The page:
Category Archives: AIDS

Glitter Emergency and More at Frameline’s 35th SF LGBT Film Fest

It is the middle of the SF LGBT Film Festival, high holy days are underway in the City by the Bay, Pride is coming,  and outside the festival’s host venues, gay film buffs are rubbing their bleary eyes after marathon sessions in the dark. The cinematic apparatus, not that other dark! There is something for everyone at this annual festival, now in its 35th year. The shorts programs are some of the best, and for those with short attention spans, are just the ticket. One film is not doing it for you? Wait 5 minutes. The next one could be all that.

“All that glitters is indeed gold in this wonderful collection of shorts featuring several gems from our very own Bay Area filmmakers… Take a look at disgusting alien bodies and eavesdrop on the deaf relay system. Follow a camera off a bridge in a memorial for lives lost. A dispute on the high seas can only be settled by a dance off (of course), and we’ll see just how campy an AIDS camp can be. Rounding out the program is a silent comedy set to Tchaikovsky and starring Peggy the Peg-leg Ballerina.” via festival director Jennifer Morris

“Glitter Emergency” shows at the Victoria Theatre, 9:30 pm on Tuesday, June 21st, 2011. The Victoria is located at 2961 16th Street in the  Mission district. Built in 1908 as a Vaudeville House, it is the oldest operating theatre in San Francisco.

Following Savage Campaign for Queer Youth, Peter Fiske says “It Gets Better” But DOES It?

But does it? Well-known Leatherman and friend of this site Peter Fiske has made an “It Gets Better” video and posted it on YouTube. We are, of course, re-posting. Kudos, Peter! It is fantastic. Of course. Messages of future promise are great, and can be just the thing to turn despair into hope. But. But. But. The “It Gets Better” video pep talks, started by columnist Dan Savage last year in an effort to curb high rates of suicide among queer youth, have really taken off. Cool. More on them here. Great campaign, but…it is not enough. Not nearly.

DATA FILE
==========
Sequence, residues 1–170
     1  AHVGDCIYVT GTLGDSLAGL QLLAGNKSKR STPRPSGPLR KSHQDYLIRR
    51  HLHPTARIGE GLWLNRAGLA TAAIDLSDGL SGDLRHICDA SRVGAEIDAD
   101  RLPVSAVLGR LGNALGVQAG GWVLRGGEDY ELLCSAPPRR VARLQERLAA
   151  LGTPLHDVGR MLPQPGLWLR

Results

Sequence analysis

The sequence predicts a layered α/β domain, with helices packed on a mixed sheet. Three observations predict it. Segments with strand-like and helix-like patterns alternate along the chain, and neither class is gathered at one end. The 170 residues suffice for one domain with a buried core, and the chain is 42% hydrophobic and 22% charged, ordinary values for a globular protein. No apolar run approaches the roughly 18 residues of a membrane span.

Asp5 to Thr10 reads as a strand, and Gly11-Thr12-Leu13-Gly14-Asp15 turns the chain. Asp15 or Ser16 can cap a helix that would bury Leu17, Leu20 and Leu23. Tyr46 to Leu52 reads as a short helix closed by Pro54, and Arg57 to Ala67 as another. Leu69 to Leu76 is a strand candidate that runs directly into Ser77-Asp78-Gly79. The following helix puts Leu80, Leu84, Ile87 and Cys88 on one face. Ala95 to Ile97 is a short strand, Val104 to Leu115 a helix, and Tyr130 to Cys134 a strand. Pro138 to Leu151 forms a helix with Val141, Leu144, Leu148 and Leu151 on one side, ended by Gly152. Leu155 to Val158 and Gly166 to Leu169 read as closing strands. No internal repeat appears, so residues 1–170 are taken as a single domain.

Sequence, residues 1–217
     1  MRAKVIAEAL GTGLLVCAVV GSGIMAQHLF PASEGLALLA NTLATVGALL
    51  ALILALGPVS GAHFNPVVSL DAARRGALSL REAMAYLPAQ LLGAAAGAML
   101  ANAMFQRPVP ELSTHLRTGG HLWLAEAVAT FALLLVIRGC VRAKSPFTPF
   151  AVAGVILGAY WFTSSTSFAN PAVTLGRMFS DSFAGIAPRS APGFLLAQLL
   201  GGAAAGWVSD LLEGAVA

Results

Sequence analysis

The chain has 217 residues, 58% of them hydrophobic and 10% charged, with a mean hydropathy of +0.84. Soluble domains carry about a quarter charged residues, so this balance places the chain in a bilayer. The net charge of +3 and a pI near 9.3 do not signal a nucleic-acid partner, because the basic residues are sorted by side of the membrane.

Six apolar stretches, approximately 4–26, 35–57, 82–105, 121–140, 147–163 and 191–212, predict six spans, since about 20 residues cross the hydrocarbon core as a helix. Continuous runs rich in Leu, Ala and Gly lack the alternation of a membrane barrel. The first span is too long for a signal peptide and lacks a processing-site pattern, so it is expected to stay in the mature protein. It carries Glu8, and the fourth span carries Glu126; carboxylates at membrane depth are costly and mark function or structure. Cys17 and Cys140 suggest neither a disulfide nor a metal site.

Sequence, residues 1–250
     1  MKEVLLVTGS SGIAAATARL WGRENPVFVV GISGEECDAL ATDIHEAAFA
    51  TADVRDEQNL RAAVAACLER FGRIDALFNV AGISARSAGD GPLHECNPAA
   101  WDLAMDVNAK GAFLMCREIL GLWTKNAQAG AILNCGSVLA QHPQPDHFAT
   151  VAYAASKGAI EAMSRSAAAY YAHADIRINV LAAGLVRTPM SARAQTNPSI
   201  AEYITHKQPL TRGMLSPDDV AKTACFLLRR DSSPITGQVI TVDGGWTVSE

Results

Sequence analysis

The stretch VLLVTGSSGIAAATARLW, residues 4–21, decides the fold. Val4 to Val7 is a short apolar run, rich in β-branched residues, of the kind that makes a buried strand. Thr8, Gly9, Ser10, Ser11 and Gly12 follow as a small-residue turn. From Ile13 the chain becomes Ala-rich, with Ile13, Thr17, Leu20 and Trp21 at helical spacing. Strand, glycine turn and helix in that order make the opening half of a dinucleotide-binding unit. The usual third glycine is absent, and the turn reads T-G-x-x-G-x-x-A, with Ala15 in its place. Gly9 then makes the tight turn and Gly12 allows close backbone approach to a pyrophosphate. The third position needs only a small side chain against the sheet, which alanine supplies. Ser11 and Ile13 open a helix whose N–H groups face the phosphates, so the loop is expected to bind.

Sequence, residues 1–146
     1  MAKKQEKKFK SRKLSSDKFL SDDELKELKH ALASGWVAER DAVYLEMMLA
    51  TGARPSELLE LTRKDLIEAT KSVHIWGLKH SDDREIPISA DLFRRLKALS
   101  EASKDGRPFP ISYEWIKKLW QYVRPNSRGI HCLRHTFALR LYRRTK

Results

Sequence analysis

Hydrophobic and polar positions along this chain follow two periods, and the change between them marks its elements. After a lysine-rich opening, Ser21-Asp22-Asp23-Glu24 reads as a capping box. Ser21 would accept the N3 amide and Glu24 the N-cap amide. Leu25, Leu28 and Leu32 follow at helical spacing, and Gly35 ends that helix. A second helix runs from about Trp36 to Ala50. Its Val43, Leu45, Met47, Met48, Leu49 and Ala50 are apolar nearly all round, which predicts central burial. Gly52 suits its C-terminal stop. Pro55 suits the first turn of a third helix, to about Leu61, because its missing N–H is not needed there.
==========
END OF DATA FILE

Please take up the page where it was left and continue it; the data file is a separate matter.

By all means, keep these positive messages coming. But. But. But. There are a few problems here. First off, it does not always get better – and we know that. If it always got better, dead friend of this site and Frameline co-founder Mark Finch would not have jumped off the Golden Gate Bridge. A popular, successful adult gay man kills himself. Or: youthful co-conspirator WRG, handsome, smart, set to inherit two fortunes, dead in a hotel room in Rio with a spike in his arm, the body stripped of valuables. They had to identify him by dental records. Just two examples. It did not get better for either of them, and they were pretty well set to overcome the past.

But. But. But. Another problem: The most vulnerable queer kids may be those least likely to be able to respond to these messages. Consider two scenarios:

One: You are 17, a junior in high school, with loving, educated PFLAG parents, a nice group of theatre friends, early acceptance to UC, and a problem with the school bully who taunts you with calls of “Faggot!” and elbows you in the hallways to the amusement of his toadies. It makes your stomach churn.

Two: You are 17, living on the periphery of San Francisco’s Castro district. You left Idaho and your violent Christian Identity family at 13 when your mother caught you with another boy. She broke a bottle over your head as you fled the house. See the scar? Arriving in SF, you met guys who turned you on to meth and fucked you raw. Already shell-shocked from childhood, you seroconverted at 14, have been on the streets for four years, and look really rough. Half-crazy with rage and despair, you kick trash cans and shout in frustration, sometimes sit on the curb sobbing. Everyone avoids you.

These are two pretty extreme, but true, examples. “It Gets Better” is a good message, but it is not enough. The kids need more than words. Even the UC-bound good gay kid needs more than words. And seriously damaged youth need a lot more. They also need the tools to survive a world which will continue at times to be hostile. Food. Shelter. Protection. Health care, including mental health and substance abuse help. Access to education, job-training, connections and good adult mentorship. Spiritual support, including services for survivors of  religious abuse. They do not need to be encouraged in magical thinking: “Oh…if I can only get to San Francisco! It’s like Oz! Everything will be fabulous!” Yes, sometimes it gets better. But: it does not always get better, and it does not automatically get better. If we actually want to see the kids flourish, we need to open our eyes to the full scope of the horror under which some queer kids come up – and add real resources that are equal to our encouraging words. We need to get real.

AIDS Ribbon on Twin Peaks

The AIDS Ribbon on Twin Peaks in San Francisco – commemorating 30 years of AIDS, and remembering all of those we have lost.
Seen from Civic Center/Market Street.
-AidanAbroad

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Buy it online! 30 Years into the AIDS epidemic, HIV virus is decorative wall Art.

Doubt the death of the author? At art.com, visitors can choose images from the library and preview them framed over the couch in a choice of living rooms or stretched over canvas above the toilet in the bathoom. It’s the ‘view-in-room’ option, a database-driven, semi-automatic and very interactive shopping experience. Most of their images are drawn from the visual arts canon, but they also offer medical stock photography and other arcane scientific and historical subjects, which make for some very strange interior design possibilities.  Pictured here: AIDS Virus, Black Background Photographic Print, 32′ x 24″ framed, displayed in the #2 children’s bedroom option. Get it here. Or not.